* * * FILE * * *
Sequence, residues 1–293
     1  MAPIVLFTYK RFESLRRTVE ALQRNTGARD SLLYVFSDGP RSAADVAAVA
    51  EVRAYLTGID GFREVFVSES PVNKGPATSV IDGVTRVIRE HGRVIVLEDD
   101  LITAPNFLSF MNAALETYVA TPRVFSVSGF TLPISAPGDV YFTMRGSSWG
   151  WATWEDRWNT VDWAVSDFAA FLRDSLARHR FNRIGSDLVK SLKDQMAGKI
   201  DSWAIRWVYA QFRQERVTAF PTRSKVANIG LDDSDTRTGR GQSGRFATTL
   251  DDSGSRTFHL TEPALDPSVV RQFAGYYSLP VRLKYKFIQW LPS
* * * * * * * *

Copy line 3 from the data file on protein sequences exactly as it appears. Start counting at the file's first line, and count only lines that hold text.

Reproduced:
    51  EVRAYLTGID GFREVFVSES PVNKGPATSV IDGVTRVIRE HGRVIVLEDD